TIPS to Keep on Top of Your Child’s IEP
Once your child’s IEP is written, you may feel like you can breathe a sigh of relief, especially if it’s been a difficult process to get an Individualized Education Program put into place. And you should breathe—you’ve successfully navigated a big hurdle.
For many parents, new worries replace that initial wave of relief. Is the school following the plan? Is your child getting the services she needs? Is she making progress?
It’s not always easy to get answers to these questions. Luckily, there are some ways to monitor the situation without making it your full-time job. Here are some ways to keep on top of your child’s IEP
1. Know IEP timelines.
The Individuals With Disabilities Education Act (IDEA) outlines a number of deadlines when it comes to the IEP process. After your child’s IEP is written, the school has 10 calendar days in which to put services into place. If your child’s IEP is rolling over from last school year, the program should be in place the first day of school. Mark the deadline on your calendar. A few days prior to that date, check in with the team leader to make sure all the pieces of your child’s program are ready to go.
2. Know your child’s program.
You went to the meeting and have read the IEP, but do you know what your child’s program is going to look like in practice? Learn your child’s schedule and ask for the names of the people who will be working with her. It gives you the opportunity to check in with your child (“Did you spend some time working with Mr. Smith today?”) and provides you with more than one point of contact if you have questions.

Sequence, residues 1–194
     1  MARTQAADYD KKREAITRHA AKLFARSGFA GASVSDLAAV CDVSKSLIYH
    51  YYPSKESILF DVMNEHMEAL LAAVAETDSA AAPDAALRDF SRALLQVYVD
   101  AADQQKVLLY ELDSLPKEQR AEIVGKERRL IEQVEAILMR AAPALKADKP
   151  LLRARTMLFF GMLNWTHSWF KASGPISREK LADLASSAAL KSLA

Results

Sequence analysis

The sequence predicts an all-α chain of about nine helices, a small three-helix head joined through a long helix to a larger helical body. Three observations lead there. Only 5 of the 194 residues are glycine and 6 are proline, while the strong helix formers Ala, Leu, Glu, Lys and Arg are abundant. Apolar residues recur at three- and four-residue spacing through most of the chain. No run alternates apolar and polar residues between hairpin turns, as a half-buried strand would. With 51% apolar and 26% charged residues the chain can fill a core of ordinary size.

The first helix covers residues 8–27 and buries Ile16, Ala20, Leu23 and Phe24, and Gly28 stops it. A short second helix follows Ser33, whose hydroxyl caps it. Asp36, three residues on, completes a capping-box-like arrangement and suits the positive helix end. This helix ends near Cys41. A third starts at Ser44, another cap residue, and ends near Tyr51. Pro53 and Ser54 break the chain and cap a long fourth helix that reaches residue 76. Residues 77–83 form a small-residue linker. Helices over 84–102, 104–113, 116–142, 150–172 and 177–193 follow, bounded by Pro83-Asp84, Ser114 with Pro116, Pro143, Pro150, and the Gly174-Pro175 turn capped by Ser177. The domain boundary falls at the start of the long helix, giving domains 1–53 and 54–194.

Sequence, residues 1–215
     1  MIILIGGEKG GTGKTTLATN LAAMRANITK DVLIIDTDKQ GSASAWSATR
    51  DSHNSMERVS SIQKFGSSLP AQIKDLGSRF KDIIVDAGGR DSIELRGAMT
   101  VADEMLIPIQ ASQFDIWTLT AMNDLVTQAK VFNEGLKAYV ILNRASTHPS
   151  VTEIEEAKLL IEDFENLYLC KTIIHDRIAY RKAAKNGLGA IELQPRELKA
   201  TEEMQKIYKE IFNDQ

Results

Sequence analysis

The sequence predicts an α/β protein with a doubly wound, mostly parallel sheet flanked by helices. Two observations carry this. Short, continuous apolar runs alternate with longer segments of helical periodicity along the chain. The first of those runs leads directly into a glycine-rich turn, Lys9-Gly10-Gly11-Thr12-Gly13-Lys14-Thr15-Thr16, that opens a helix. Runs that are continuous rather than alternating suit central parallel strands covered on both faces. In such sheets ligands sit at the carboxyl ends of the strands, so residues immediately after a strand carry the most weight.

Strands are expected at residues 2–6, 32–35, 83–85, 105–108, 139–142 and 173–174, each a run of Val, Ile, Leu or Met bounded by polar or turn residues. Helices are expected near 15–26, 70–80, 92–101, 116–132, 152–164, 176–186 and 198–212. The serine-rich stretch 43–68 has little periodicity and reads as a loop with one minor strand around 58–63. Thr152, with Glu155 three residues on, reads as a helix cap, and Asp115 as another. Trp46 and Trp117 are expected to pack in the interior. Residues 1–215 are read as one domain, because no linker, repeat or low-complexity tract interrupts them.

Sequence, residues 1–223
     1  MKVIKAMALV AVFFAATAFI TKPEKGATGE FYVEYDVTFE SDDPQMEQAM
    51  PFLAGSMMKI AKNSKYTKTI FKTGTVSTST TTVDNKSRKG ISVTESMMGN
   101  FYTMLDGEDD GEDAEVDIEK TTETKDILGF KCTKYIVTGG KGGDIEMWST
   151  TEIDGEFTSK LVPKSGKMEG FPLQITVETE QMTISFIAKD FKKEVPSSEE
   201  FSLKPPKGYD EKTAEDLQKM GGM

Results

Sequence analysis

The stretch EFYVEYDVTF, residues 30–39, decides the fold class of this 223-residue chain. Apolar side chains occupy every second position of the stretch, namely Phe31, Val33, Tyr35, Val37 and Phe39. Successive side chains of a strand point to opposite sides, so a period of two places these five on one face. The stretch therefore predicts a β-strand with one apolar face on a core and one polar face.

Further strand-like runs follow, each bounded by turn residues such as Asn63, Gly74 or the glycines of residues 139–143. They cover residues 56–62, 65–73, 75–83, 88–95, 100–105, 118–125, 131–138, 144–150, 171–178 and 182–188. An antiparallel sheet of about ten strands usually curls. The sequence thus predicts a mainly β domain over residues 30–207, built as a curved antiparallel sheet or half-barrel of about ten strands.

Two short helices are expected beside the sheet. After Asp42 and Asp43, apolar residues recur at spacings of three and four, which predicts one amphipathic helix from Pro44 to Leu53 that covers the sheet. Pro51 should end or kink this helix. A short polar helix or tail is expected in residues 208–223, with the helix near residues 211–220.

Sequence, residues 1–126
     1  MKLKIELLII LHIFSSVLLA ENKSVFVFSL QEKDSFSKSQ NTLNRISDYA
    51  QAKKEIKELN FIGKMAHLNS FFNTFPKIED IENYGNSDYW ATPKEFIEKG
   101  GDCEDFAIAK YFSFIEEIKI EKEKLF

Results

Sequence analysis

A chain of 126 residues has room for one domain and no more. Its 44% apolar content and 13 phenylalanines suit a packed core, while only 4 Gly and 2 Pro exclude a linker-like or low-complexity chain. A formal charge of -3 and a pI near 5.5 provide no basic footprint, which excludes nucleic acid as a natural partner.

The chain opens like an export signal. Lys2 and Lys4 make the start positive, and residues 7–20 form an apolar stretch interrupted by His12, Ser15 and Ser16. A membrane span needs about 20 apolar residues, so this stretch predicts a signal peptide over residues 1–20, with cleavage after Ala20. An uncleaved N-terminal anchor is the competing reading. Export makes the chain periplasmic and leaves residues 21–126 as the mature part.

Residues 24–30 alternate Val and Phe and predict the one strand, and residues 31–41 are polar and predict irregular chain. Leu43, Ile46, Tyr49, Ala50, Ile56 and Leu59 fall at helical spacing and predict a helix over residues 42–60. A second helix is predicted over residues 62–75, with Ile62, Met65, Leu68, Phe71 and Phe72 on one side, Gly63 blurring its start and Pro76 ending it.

3. Make a point to meet your child’s special educators.
Although there’s a case manager to oversee your child’s IEP, the people who work directly with her have a better sense of her progress. Try to take a little time to connect with the paraprofessional or specialists working with your child. It doesn’t have to be in person—busy schedules may not allow for that.
But if you make a phone call or send an email to introduce yourself, it shows the specialists that you’re interested and involved. Once you’ve made that connection, ask what the best way to keep in touch is. Let specialists know that you’d like to be informed of both difficulties and triumphs, no matter how big or small.
It’s also a good idea to set a goal of how often you will check in and to share that. Saying something as simple as “I’ll email or call you every two weeks so we can compare notes on how things are going, what day is good for you?” indicates that you’re not asking permission to be in touch, but that you want to work in a way that’s convenient for everybody.
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